"A MOVIE OF GREAT STYLE & ENERGY"
Last week, C.J. Smith at VHS Revival revisited Brian De Palma's Carlito's Way. Here's an excerpt:
Carlito’s Way is a movie of great style and energy, one that delights in the heady decadence of the disco scene while mired in the scum of the barrio, a place described as being ‘like them old cowboy movies, only instead of tumbleweed and cow dung we got stripped car wrecks and dog shit.’ Since Carlito went away, things have changed, and although some of those old faces remain, they look at him differently, and those who came up while he was gone have no respect for what went before. Respect for ones peers is a thing of the past it seems – and perhaps never existed; the moral code to which Carlito clings appears to be illusory.
Whether that was always the case we will never know. Carlito is a new man having beat a thirty year rap on a Kleinfeld-spun technicality, and when his old partner Rolando scoffs at this notion, you can only imagine what Carlito had been like before his sentence took him out of the game. The only window we have into that part of our protagonist’s life is through the people who now fill it. The movie features a wonderfully colourful cast, both lead and supporting, characters who are laced with slick and sleaze, while the bold and brightly coloured become dulled by greed and desperation.
Perhaps the most blatant hint at the person Carlito is trying to escape is young hothead Bennie Blanco, who boldly introduces himself as being ‘from The Bronx’. Bennie is a brash up-and-comer with a devil moustache and sinister glare, the kind of full-throttle delinquent who will either crash prematurely or rampage his way to the very top. Bennie is reminiscent of another De Palma character – Tony Montana from Scarface – and you can imagine this movie as kind of a quasi-sequel. Bennie seems to be smarter than your average thug, with the sense and ambition to offer Carlito some restraint as he sets about picking his brains. Of course, Carlito isn’t interested. He simply wants to take enough out of the club he has invested in to escape the streets that stalk him at every turn. He sees himself in Bennie and resents him for it, and eventually his ego takes hold as the new kid in town flaunts his growing power on his premises. Carlito is who Montana could have been had he been stopped in his tracks before he careened over the proverbial canyon.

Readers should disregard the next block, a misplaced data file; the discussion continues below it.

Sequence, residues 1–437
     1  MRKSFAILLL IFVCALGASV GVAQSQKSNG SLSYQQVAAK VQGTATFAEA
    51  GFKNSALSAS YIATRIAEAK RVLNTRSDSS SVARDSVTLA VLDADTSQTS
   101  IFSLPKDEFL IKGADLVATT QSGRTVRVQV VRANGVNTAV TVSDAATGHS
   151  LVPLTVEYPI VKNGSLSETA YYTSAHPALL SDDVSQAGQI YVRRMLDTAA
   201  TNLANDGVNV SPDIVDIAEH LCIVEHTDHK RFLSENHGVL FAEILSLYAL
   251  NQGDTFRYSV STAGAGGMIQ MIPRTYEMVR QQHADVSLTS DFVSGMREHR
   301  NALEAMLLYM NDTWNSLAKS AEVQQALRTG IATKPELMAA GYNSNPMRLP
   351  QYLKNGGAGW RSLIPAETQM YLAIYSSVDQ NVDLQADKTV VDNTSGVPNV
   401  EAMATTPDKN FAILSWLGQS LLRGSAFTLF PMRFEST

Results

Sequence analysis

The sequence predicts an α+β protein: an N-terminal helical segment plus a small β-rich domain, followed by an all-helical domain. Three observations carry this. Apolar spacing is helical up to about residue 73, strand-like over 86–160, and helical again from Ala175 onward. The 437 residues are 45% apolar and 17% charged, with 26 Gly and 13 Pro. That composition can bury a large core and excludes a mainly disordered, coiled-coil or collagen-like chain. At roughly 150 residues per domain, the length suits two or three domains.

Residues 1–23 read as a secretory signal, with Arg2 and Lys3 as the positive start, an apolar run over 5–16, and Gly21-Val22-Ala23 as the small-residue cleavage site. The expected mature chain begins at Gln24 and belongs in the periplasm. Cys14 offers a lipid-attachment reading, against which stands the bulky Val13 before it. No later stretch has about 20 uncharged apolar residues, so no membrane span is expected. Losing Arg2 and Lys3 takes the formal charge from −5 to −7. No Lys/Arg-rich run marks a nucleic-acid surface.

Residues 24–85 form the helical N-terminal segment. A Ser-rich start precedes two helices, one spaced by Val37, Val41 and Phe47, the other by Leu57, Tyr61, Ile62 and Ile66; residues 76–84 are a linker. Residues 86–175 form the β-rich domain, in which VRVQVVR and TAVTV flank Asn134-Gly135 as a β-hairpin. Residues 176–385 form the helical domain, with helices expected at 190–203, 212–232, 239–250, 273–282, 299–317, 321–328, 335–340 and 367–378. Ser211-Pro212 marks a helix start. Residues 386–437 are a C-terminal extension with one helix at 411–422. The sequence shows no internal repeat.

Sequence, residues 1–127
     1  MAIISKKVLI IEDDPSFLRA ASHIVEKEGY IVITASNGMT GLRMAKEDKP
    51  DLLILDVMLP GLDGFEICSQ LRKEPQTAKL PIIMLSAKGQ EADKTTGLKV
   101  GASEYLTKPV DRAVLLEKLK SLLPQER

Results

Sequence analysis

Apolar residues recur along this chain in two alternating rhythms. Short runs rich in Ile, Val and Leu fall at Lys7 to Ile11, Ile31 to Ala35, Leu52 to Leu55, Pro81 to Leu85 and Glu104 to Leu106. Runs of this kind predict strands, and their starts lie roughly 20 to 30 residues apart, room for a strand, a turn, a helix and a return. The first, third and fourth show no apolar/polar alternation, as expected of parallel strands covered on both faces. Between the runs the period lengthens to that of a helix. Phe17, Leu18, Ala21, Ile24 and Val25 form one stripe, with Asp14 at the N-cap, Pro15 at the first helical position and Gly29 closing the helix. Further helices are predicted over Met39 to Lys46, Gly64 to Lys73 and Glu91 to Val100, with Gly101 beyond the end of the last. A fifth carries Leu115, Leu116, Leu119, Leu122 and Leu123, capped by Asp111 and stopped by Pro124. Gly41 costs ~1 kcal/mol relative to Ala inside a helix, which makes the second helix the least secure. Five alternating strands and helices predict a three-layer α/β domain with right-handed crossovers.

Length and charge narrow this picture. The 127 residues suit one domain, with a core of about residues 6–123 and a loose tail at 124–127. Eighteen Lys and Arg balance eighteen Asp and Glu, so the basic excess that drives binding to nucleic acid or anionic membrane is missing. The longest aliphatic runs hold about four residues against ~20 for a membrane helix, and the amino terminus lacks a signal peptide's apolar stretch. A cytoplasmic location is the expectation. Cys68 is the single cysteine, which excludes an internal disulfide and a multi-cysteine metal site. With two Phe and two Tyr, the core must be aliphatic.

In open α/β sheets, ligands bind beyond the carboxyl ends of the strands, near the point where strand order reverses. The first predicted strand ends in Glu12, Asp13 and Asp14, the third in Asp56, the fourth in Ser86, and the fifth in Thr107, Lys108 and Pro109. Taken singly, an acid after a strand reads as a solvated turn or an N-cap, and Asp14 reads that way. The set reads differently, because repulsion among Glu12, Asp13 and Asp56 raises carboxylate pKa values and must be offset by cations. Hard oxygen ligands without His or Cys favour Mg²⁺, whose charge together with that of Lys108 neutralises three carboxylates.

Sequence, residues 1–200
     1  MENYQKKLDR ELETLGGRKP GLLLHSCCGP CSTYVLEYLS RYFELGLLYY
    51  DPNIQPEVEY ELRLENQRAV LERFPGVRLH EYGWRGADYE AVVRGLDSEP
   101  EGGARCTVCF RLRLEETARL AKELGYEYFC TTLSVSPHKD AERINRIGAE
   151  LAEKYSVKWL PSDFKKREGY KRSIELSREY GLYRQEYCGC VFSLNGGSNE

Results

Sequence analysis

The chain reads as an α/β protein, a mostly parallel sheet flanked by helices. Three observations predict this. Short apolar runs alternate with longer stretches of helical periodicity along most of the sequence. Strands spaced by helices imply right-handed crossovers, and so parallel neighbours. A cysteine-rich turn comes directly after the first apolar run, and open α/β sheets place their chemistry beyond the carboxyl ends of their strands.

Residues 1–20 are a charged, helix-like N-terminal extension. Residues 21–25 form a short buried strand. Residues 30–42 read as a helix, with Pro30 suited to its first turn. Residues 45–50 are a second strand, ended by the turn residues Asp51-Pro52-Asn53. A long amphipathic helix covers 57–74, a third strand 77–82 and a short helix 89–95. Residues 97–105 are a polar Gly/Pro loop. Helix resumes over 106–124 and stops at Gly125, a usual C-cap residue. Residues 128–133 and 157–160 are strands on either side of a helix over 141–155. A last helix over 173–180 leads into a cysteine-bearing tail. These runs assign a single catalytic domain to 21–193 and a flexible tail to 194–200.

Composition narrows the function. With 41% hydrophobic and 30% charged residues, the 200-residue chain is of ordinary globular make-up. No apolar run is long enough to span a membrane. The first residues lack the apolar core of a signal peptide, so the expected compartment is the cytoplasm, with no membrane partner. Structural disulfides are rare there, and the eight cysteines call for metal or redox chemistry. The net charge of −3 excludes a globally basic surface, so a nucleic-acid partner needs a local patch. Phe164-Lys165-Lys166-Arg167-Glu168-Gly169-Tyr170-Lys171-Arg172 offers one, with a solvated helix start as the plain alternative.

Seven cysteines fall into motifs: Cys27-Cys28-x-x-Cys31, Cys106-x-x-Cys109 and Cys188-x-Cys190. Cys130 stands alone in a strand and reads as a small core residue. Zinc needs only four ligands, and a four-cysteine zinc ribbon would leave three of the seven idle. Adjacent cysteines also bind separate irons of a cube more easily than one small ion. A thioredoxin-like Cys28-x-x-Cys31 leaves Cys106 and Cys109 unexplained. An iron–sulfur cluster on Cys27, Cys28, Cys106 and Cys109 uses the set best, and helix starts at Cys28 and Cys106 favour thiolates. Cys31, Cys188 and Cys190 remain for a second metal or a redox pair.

In spite of these parallels, Carlito’s Way is very much a different animal. Unlike Pacino and De Palma’s previous foray into the world of crime, the movie is free of political leanings, extricated from the vengeful scribe of screenwriter Oliver Stone – but that doesn’t mean the screenplay is any less quotable. Adapted from a novel of the same name, the film is saturated in Elmore Leonard style prose, punchy and lyrical, with the kind of pulp poignancy which adds a peculiar depth to a world spray tagged with grandiose caricatures. Hypnotised by our protagonist’s narration, we are led wandering through a cinematic dreamworld, so dazzled by the poetic deceit and colourful language that we are unable to see the path in front of us, and by the time we arrive at our hero’s fated destination we fail to see it coming.